* Precision micro-textured reflector creates smooth, optimized beam
* Coated tempered window resists impact, maximizes light
* High-strength aerospace aluminum body, Mil-Spec hard-anodized for extreme durability
* Two-stage tactical tailcap switch—press for momentary-on low, press further for high, twist for constant-on at either level
* Steel clip provides multiple carry options
* Weatherproof O-ring and gasket sealing
* Includes high-energy 123A batteries with 10-year shelf life
Posted on July 28th, 2010
The summer is in full swing and so is traveling to state parks, gardens, museums, monuments and public buildings. There is no doubt you will be carrying your camera along to get pictures of these wonderful places. It’s sometimes difficult though to convey the power and size of a public memorial in a photograph. Take the Lincoln Memorial or Washington Monument for example. People are always so shocked by the size of these monuments once they see them in person.
The remarkably beautiful settings and the fine details of these monuments always makes them a good choice for photography. The best way to provide the viewer with an idea of the actual size is to focus on the fine details of these monuments. If taking photographs of a statue you might trying focusing in on the hands or face of the monument. This will allow the photo to be more dramatic. Try being directly under the memorial or close to it and take multiple shots. You might also focus on an object in the background that will allow comparison with the monument you are shooting. This will provide a scale of how enormous the monument actually is.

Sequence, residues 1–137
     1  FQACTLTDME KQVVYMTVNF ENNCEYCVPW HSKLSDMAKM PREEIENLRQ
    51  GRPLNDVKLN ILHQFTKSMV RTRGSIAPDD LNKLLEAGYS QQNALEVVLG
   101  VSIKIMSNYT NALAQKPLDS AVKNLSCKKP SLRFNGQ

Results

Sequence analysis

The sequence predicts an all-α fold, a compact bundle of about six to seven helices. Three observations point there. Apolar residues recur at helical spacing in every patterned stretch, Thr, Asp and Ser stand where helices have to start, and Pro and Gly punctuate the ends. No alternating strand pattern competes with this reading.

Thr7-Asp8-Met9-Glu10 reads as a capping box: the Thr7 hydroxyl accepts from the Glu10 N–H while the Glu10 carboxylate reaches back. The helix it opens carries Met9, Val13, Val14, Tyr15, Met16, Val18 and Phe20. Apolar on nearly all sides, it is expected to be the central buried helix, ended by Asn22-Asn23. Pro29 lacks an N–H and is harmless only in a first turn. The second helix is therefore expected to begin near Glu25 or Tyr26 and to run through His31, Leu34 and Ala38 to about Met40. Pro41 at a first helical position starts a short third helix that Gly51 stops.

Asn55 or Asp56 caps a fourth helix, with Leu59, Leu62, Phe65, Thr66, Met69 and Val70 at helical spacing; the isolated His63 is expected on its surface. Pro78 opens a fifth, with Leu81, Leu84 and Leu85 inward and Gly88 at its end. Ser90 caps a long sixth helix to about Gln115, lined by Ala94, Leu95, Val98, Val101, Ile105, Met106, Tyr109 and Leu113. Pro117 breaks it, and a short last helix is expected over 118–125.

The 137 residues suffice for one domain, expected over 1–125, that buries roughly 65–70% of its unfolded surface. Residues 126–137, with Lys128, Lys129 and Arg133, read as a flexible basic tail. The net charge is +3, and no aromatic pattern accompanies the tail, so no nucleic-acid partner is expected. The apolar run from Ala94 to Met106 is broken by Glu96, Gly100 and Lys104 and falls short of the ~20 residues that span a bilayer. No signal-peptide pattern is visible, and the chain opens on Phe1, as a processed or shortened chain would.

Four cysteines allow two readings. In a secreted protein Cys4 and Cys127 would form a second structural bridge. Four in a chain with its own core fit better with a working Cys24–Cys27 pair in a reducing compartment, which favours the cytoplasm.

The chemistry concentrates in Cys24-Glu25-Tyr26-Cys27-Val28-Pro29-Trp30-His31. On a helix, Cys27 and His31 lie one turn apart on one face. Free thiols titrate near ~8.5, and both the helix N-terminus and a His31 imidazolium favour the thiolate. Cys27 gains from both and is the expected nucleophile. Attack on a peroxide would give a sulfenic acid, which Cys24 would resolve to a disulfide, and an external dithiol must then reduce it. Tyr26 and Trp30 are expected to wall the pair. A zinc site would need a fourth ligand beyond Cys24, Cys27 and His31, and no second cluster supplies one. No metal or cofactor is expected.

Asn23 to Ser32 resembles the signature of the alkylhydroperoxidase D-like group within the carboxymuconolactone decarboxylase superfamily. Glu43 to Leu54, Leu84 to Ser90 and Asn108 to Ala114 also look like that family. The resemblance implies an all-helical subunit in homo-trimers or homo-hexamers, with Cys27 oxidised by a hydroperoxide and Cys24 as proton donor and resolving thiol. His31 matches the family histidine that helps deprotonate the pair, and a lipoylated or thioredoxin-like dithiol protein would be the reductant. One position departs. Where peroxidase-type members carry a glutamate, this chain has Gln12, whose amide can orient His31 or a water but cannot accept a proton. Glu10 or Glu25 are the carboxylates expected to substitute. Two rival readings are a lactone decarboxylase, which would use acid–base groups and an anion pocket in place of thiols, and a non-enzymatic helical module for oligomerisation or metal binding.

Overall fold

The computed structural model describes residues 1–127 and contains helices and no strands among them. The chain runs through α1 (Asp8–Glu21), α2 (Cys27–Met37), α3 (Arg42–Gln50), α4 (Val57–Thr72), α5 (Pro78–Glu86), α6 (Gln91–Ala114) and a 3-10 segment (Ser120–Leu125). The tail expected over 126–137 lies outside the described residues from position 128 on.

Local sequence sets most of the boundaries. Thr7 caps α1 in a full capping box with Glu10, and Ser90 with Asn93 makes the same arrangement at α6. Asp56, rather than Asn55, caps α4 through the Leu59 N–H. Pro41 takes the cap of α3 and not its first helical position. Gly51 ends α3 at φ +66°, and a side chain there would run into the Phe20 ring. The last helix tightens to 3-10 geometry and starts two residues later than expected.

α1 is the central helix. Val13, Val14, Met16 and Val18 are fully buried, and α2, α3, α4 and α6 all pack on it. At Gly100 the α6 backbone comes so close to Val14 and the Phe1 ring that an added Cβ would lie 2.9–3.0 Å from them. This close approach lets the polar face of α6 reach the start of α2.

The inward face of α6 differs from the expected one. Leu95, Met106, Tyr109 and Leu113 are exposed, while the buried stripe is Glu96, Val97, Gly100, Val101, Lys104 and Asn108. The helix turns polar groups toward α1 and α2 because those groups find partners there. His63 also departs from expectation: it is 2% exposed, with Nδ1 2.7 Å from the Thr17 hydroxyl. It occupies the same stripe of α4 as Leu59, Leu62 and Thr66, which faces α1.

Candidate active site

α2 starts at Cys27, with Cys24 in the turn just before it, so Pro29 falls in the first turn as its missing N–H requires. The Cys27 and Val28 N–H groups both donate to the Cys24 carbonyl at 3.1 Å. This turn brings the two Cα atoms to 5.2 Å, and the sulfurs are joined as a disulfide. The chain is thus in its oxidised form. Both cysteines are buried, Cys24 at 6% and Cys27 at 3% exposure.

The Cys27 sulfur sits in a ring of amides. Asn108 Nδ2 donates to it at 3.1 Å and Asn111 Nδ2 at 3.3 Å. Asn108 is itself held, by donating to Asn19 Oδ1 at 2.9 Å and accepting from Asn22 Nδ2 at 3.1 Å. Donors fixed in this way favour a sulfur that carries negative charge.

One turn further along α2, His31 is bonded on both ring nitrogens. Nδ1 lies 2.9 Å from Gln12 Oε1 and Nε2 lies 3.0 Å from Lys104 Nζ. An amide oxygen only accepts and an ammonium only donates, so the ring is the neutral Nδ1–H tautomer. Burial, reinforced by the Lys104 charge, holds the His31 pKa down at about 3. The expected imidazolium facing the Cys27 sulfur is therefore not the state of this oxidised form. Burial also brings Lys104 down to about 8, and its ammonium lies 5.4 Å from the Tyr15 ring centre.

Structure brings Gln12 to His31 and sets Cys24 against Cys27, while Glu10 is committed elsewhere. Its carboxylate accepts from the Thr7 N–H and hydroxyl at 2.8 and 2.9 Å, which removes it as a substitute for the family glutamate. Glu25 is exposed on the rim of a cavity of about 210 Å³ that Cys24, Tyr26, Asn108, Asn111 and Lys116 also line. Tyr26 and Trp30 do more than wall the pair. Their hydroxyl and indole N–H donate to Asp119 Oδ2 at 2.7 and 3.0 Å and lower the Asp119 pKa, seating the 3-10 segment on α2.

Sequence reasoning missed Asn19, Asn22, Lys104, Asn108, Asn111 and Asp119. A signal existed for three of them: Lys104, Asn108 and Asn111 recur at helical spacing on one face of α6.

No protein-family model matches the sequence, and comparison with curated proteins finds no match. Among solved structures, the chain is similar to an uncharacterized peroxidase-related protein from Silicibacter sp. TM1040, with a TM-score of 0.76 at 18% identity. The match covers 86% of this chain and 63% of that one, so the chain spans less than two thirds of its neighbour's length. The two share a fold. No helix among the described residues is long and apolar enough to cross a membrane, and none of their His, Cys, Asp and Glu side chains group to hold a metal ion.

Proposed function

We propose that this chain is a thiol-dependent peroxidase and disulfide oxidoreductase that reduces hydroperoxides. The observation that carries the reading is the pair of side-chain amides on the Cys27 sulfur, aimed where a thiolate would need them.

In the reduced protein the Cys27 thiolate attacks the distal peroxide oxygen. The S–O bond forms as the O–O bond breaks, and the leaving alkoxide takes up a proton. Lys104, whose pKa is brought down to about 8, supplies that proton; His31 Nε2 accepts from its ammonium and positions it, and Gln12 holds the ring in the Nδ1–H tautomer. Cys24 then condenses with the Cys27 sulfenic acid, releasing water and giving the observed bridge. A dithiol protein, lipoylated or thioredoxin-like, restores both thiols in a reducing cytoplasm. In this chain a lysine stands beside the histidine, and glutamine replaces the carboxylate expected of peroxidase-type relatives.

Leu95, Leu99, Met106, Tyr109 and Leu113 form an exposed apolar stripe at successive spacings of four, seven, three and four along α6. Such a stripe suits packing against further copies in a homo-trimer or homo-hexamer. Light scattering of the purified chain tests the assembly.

Another way to take interesting images of monuments is to do so in unique lighting conditions. A park that floodlights its monuments like the Washington Monument makes for a challenging collection of subjects, but ones that are accented in ways that the sunlight cannot accomplish.
Clearly the way to photograph monuments is to check them out in advance to ensure they are adequate subjects and then simply compose the photograph in a way that allows the viewer to see them in a slightly different fashion that allows them to feel like they are there.
Posted on July 22nd, 2010